Who joins Poole in the paint? Two newcomers Collins is excited about are Othyus Jeffers, a 6-5 Chicago native from a California junior college, and Daniel Zoric, a Serbian from a Texas JUCO. Jeffers practically grew up on campus. His cousin, Mark Miller, was a UIC great who had his jersey hung in the rafters. The Flames will take it down, though, so Jeffers can also wear No. 12 to honor Miller's legacy. Jeffers played one year of junior college ball then sat out last year. He was at UIC last season but didn't get to practice. He has three years to play. "He's put in the time and he's bursting with enthusiasm,'' Collins said. "He will pass, rebound and he's willing to get down and dirty. That's the kind of player we've been noted for through the years. He's been coming to our gym since he was eight years old. He's been a part of our family. It's always good to be in a program where you don't have to recruit a player but that player recruits you.'' Jeffers can play three positions, much like the departed Williams, but is more skilled offensively than Williams. Zoric is a 6-9 wide body who averaged 19.3 points and 8.0 rebounds at Collin County Community College in Texas. He has a strong work ethic and is a quick study. Collins is counting on him to shore up the post game this winter.

Jovan Ignjatovic is a 6-9 freshman who came from Serbia to Chicago's Whitney Young High School. "Iggy" is a red-shirt candidate only because he has such a promising upside Collins doesn't want to waste a year of eligibility having him sit behind some veterans.

Justin Bowen is one of those veterans. The 6-7 Bowen (7.8 ppg, 5.4 rpg) started 17 games last year and averaged 24 minutes. If Stefanov takes over the three spot, Bowen could slide down to the four where he is most productive (he has no outside shot). What Bowen brings is energy and a willingness to attack the glass. He's the best leaper on the team.

Luther Boyd (1.0 ppg, 1.2 rpg) is a 6-7 senior forward who will fight for spot minutes. Kevin Hill, a red-shirt sophomore, is 6-8 and raw. If he is able to contribute this year, it will be defense and rebounding. Kevin Bond (1.7 ppg, 0.7 rpg) is a 6-5 sophomore who averaged five minutes last season but is capable of more. Robert Bush (1.0 ppg, 0.5 rpg) is a 6-4 sophomore guard with similar stats to Bond.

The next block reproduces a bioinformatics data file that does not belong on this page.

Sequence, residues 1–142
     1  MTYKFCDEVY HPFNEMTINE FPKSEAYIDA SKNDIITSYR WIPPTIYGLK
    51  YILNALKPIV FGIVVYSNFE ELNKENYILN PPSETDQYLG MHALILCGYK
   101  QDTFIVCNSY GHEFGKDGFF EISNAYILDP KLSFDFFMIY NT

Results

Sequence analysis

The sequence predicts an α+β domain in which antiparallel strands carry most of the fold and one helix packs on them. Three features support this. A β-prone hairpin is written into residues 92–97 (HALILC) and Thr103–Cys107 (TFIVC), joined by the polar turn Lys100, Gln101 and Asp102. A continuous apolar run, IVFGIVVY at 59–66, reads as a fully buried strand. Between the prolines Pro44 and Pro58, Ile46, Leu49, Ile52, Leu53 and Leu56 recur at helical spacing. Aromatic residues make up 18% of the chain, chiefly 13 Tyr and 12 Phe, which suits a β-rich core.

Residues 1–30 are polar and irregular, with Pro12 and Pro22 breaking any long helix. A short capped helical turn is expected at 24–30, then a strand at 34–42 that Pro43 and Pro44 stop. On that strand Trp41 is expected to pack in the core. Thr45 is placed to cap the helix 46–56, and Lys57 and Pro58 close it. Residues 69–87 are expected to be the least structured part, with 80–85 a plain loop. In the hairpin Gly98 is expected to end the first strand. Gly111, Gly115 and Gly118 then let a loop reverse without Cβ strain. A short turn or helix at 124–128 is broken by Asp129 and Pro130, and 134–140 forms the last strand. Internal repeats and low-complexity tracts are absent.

One of the most interesting roster battles will be at point guard. Rocky Collum (8.7 ppg), a 5-10 senior, is the incumbent, but Collins says the job is wide open. Collum had the tough task last year of replacing Bailey as the distributor and the chemistry wasn't always ideal. Collum is the best three-point shooter on the team but didn't' endear himself to Collins over the summer by not getting in the gym often enough. Thus, newcomers D.J. Smedley and Josh Mayo are very much in the running to start.

Californian Smedley is only 5-10, but the junior proved at Saddleback Junior College he has a high basketball IQ. He doesn't look to score much but has a true set-up man's mentality. "He's put in the time over the summer,'' Collins said. "Rocky has experience but he has not put in the time. That doesn't mean he won't rise back up, but his spot is not a given.''

Mayo, a 5-10 freshman, comes from Merrillville, Ind., and is an offensive-minded point guard in the mold of Dee Brown at Illinois. "He can play the game,'' Collins said. "I like it when you bring in new guys because they want to please you. They want to play.''

One more newcomer in the backcourt is junior Greg Zimny, a 6-1 transfer from Samford. His strong suit is stretching a defense with his shooting.



This will be a new-look season at UIC. The Flames have said farewell to some familiar (and important) faces over the last two years. It remains to be seen if an influx of newcomers can elevate the program back to its accustomed role of Horizon League title contender.

One thing is for sure, Collins welcomes the challenge and looks for an improved team-oriented attitude to re-energize the Flames. The three key returnees are Stefanov, Poole and White, all of whom must elevate their scoring to make up for the loss of Cedric Banks. Look for White to make the biggest jump.

The key newcomer is forward Jeffers, who should be a valuable contributor by conference season. Among holdover Collum and newcomers Smedley and Mayo, Collins should be able to find a competent point guard. In a best-case scenario, UIC could sneak back into contention.

For the most comprehensive previews on all 326 Division I teams, order the "Bible" of college basketball, the 25th anniversary edition of Blue Ribbon College Basketball Yearbook, at or call 1-866-805-BALL (2255).